Flight Rising is a browser-based game in which you raise, breed, and battle dragons. There are currently
14 16 species of dragons, with different art for the baby, male, and female versions. There are numerous patterns (“genes”) and colors for the body, wings, and all-over patterns. Let’s take a look at these dragon designs!
We’re going to start off with the four “free” dragon breeds, which you can choose from at the creation of your account. The Guardian is a heckin’ thick lad, with burly shoulders and an imposing stance. They hail from the ocean region of Flight Rising’s world, which explains the fins on their neck, jaw, and legs. While I greatly enjoy the overall sloped shape of the head, I don’t agree with the long hairy beard, especially since it is the only instance of hair on the entire design. I also find that the tail is lacking a fin or paddle that would really clarify that this is an ocean-dwelling dragon.
The Mirror is a lean, slippery-looking fella. I love the uniqueness of the head – that skull-like mask, the four eyes, the attached ear-fins. The feet are also very pleasing, and overall lends to a sense of a sneaky, quick-footed dragon. It would be cool to see more of that exoskeleton armor on other parts of the body.
The smallest dragon breed, the Fae is a delicate little guy. The head is simply adorable, but I feel as though those raised head-fins should have been one and the same with the ears, as those little rounded mouse-ears feel otherwise very out of place. The limbs feel appropriately delicate and I really enjoy the angular way it holds its neck and tail. I don’t love the teardrop-shaped “feathers” on the wing-fingers, which I imagine would create a lot of drag for this small creature.
I’m very glad Flight Rising has a furred dragon species. The horns are very unique, with that fin-like branching/webbing on the underside, but they give an aquatic impression that I think was undesired. I appreciate that the fur covers the wing-arms for insulation. Though it stands out as unique, I don’t especially love the face, which reads as distressingly human to me. I also want this guy to have huge, fluffy paws instead of those fine little clawed toes.
The Pearlcatcher is an interesting mix of Western and Eastern dragon traits. This is one of the more unique ways I’ve seen classic dragon design elements re-compiled. I really enjoy the rhinoceros-like horns on the head, and I really appreciate how the tufts of fur are echoed on the head, jaw, tail, and joints, which helps them feel deliberate and cohesive. The in-world lore around the “Pearl” is interesting, because it is barfed up after hatching and represents the dragon’s soul, but there doesn’t seem to be any benefit to this creature to carry this large orb around. Why don’t other dragons do this, in one way or another? Why do Pearlcatchers carry theirs around, which puts them one limb short for running, hunting, and fighting, instead of, say, burying it somewhere?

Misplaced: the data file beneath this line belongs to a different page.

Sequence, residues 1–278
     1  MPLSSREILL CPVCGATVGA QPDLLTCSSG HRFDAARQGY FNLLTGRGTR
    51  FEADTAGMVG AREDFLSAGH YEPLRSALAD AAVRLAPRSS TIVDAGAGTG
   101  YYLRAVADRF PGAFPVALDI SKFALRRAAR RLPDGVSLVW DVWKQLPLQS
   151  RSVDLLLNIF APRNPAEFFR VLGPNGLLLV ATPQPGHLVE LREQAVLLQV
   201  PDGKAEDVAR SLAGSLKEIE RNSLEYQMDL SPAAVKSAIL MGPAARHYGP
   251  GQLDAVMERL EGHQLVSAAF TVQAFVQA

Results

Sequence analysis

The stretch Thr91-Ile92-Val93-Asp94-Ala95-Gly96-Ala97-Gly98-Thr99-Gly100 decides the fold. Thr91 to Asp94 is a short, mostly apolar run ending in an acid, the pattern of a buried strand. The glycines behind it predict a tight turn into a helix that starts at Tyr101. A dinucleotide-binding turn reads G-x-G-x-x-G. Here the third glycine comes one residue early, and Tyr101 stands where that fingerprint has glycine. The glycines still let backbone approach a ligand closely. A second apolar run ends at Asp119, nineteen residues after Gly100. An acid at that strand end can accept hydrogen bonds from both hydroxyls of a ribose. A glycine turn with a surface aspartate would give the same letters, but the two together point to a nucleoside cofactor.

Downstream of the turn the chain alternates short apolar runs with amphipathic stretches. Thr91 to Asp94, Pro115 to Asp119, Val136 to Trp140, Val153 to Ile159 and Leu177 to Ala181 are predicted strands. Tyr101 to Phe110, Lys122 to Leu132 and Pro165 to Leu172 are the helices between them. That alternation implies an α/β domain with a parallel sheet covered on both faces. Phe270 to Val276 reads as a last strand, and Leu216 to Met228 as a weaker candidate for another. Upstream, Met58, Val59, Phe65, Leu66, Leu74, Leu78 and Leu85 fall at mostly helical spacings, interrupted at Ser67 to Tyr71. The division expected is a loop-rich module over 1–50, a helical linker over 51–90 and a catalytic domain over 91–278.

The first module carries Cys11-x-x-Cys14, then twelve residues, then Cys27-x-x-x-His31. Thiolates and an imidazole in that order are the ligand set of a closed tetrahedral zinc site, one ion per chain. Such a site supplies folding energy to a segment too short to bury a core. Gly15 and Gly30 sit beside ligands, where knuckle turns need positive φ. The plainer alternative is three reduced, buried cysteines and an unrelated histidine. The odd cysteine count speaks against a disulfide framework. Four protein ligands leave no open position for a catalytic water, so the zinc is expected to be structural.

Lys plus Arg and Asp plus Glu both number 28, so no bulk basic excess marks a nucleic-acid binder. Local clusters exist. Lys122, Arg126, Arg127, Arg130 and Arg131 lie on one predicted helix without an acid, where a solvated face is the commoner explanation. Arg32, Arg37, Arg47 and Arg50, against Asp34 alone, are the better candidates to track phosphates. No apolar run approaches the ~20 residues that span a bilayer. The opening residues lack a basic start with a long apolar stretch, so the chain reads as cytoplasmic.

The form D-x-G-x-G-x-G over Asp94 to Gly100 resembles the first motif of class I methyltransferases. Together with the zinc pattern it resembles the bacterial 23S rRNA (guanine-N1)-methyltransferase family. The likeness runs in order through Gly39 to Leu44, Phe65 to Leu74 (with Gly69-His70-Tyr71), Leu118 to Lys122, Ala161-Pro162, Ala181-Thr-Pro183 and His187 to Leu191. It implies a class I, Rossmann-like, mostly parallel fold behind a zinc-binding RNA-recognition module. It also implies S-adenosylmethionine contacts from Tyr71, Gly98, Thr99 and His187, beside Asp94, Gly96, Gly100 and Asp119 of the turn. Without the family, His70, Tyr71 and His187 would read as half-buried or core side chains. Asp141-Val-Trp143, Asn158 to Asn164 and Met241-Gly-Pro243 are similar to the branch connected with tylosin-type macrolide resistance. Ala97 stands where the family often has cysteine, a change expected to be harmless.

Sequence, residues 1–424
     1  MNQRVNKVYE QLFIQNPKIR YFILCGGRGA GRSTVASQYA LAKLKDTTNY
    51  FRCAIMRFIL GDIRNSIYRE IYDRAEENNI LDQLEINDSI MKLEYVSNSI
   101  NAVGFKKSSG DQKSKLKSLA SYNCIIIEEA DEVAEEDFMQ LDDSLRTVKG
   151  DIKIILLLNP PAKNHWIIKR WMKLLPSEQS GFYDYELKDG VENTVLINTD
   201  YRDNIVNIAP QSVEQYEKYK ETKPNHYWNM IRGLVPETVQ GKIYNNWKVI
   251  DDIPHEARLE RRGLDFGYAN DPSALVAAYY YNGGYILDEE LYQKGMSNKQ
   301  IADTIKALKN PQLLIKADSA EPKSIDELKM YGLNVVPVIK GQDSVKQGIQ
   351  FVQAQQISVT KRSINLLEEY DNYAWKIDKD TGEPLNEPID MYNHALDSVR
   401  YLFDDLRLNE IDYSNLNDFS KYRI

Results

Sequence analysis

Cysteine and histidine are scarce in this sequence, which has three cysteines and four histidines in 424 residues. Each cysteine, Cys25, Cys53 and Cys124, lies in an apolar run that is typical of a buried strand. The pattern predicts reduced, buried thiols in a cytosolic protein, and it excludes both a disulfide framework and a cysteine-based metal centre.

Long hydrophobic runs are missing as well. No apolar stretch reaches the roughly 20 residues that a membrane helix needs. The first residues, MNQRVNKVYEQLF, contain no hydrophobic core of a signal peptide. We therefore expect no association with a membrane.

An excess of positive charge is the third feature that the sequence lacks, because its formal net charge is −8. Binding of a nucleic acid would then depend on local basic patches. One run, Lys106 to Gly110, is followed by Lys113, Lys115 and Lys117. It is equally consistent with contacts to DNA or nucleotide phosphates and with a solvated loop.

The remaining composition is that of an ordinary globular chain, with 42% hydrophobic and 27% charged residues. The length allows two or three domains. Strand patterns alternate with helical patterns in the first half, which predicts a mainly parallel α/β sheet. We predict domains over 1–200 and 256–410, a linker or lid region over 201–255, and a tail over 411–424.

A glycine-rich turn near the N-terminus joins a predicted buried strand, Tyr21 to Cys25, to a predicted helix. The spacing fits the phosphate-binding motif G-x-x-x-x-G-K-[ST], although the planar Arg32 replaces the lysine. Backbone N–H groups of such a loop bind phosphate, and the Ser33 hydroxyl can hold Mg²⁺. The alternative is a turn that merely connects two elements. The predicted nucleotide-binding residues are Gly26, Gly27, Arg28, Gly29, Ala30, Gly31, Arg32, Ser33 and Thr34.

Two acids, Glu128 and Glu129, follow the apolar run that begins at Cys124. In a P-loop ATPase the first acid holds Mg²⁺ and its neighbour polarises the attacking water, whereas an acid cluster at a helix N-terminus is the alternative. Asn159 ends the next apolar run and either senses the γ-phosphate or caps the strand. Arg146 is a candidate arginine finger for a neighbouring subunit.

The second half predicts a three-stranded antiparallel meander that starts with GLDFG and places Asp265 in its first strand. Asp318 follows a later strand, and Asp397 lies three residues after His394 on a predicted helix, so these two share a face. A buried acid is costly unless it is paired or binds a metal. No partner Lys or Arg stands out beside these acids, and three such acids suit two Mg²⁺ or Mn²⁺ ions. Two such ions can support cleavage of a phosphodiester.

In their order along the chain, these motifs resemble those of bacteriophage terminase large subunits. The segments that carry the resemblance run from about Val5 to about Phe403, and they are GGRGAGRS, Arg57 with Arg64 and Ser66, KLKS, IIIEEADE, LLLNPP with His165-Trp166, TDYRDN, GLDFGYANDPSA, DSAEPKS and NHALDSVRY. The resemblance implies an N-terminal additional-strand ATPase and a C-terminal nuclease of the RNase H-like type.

One of the most sexually dimorphic dragon species, the Ridgeback males boast these long spear-noses while females have a more traditional snout, much like elephant seals. I really enjoy the long, elegant neck on the somewhat stout, round body. Visually, those ridges on the wing-fingers look awesome, but I feel like they must provide little to no practical purpose and might even impede flight. The spine ridges also seem very delicate, like they would break off easily at the base. I really dislike those weird claw-scythes coming off the ankles – especially since the hind leg ones are on the bottom of the foot and not the ankle at all. Overall, a cool pointy dragon who unfortunately seems likely to stab himself a lot.
The Spiral dragon has always stood out to me as the most efficient usage of square image space. I mean, look at that composition! I like that we have a long, thin, noodley dragon that isn’t obviously Eastern. But the wings are way too small to be functional! The head also feels oversized and out of place, as if it were taken from a completely different dragon and tacked on – shouldn’t it be similarly slender, or serpentine, with head-fins to echo the many “wings”?
Look at all them face-thingies! I enjoy the Imperial as a re-imagining of the classic Chinese dragon. He has lots of whiskers like a cat, curly-swirly mane bits, and is overall quite pleasing to look at. I do think the wings are out of place, and very plain compared to the swirly, ornate rest of the beast. I want to see something evocative of those Chinese dragon branch-fire-wings or something with some curls.
This species is SO close to being my exact aesthetic. The body, or at least the underbelly, appears to be fur, but it’s somewhat unclear. I unfortunately really, really don’t like the Skydancer’s face – the eye is way too high on the brow, the brow is too flat, and while the antennae are very unique, I don’t like them on this particular dragon design. The wings are interesting, and it’s nice to see a mixture of fur and feathers on a dragon, but they feel so gnarled and fragile that it doesn’t remotely evoke the grace that the name would suggest.